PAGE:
Councilman Andy King (D–Baychester) gave awards to several kids at a chess tournament at MS 390 last Saturday.
At the Chess in Schools’ Fernando Cabrera Chess Challenge on Dec. 8, the politician presented more than a dozen winners and teams of the challenge with medals and trophies.
The tournament is part of the Chess In Schools initiative, which brings the game of chess into schools across the city, to reach the children often underserved by how-to workshops geared towards the strategy game. But with the program, educators and children are exposed to the chess board and learn how to play it. The centuries old game requires problem solving skills and patience that these children will use in their day-to-day lives, said the councilman.
“Thanks to chess, these youngsters have become critical thinkers,” said King. “The game pushes them to make decisions on how to be one up on their opponent, protect their queen, plan strategic moves and go for the king. Much like life itself, you have to plan, protect your home, work with others and pursue your goals.”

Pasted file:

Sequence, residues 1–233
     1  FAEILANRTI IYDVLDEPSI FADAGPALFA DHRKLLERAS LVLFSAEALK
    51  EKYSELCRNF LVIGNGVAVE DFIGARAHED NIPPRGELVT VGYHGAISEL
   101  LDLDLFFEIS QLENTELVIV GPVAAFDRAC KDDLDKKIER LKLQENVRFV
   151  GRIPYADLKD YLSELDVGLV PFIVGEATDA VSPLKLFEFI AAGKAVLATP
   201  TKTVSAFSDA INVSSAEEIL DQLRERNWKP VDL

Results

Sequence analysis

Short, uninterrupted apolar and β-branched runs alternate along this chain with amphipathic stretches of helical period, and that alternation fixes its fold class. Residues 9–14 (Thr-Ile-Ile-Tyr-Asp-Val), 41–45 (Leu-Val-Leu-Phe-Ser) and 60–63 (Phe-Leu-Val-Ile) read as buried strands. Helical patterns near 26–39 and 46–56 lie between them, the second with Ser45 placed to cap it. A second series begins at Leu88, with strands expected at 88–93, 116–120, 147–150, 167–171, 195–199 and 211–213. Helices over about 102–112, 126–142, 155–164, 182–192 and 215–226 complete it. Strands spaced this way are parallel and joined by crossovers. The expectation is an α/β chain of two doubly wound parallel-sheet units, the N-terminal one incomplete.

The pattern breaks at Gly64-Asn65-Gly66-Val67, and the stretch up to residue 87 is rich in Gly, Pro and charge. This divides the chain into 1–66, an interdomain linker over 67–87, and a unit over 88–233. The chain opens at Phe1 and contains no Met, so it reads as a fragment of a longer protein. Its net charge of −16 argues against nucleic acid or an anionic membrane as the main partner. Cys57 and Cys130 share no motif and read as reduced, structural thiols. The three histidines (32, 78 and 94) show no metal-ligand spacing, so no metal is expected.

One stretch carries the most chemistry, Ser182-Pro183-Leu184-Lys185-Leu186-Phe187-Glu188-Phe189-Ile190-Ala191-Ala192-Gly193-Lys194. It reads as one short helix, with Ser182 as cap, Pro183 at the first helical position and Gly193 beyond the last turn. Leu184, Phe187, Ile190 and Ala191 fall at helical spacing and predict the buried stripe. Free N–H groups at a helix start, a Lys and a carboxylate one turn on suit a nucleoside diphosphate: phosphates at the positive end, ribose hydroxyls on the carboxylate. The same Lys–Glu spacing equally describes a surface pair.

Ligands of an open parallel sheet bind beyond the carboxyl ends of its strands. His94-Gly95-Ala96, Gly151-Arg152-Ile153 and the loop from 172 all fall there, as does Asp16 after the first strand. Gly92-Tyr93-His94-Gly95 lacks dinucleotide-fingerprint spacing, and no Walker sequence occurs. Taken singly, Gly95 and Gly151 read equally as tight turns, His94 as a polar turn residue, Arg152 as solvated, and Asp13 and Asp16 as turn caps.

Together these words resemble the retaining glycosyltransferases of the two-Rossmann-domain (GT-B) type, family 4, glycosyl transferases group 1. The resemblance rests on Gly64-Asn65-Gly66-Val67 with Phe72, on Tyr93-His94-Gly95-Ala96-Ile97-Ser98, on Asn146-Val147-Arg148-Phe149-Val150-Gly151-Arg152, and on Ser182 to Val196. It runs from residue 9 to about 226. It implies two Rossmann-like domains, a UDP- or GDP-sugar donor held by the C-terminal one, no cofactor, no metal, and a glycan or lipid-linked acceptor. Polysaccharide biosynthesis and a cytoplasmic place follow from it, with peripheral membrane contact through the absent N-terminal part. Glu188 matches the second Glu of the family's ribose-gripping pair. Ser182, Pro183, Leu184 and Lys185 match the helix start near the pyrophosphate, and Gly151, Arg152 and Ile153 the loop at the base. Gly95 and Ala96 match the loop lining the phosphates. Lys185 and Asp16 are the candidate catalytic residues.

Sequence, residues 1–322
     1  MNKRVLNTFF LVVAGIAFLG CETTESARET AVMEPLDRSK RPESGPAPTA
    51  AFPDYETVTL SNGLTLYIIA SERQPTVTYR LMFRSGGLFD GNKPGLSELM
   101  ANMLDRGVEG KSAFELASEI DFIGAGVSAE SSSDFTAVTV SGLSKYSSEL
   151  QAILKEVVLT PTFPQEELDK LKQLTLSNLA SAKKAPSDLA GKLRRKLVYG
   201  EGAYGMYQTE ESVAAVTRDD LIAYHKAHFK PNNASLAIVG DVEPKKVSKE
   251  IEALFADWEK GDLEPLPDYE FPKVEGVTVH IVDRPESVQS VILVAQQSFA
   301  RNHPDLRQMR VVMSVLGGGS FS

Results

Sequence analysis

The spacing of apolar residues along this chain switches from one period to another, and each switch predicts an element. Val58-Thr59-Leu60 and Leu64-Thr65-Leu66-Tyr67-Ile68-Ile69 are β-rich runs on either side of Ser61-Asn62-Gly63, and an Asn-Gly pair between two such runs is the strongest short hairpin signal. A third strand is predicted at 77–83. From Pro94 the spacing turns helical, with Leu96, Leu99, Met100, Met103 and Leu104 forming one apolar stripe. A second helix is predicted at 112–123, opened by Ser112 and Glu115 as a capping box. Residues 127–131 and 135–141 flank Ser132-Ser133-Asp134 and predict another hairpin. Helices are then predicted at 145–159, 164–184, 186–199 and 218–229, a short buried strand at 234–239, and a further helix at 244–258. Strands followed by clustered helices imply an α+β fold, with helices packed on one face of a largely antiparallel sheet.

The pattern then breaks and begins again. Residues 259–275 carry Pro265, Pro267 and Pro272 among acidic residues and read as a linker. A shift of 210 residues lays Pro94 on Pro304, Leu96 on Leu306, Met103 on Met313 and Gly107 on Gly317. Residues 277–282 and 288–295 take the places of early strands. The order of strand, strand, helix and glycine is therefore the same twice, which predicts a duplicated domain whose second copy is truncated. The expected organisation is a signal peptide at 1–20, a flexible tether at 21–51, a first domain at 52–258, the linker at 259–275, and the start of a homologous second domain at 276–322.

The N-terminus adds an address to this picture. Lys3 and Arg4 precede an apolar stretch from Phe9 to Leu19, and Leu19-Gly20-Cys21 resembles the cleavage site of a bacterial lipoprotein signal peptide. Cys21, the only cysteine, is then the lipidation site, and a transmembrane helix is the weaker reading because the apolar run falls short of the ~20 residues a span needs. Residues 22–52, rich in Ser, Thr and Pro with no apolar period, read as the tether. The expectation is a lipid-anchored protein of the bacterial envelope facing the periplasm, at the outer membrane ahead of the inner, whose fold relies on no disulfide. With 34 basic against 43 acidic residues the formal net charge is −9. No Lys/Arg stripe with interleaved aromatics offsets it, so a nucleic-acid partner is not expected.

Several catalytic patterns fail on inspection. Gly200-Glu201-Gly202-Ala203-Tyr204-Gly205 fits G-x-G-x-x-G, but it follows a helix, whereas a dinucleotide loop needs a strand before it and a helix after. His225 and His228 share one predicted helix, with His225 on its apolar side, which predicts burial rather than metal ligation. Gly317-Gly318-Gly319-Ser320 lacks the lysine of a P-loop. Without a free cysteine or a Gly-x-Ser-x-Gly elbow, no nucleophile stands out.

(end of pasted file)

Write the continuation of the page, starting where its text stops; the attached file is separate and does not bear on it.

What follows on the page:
At the tournament, some teachers were given a crash course on learning how to apply chess into their teaching, and the best ways to show their students how to play chess through the Chess In Schools Teacher Training Institute.
King said as a strong advocate of the program, he was thrilled to see how much the program has grown.
“I want to commend the winners of the Chess in Schools’ Fernando Cabrera Chess Challenge and participants of the CIS Teacher Training Institute,” he said. “I am proud to have fought for the expansion of this important program in the City Council.”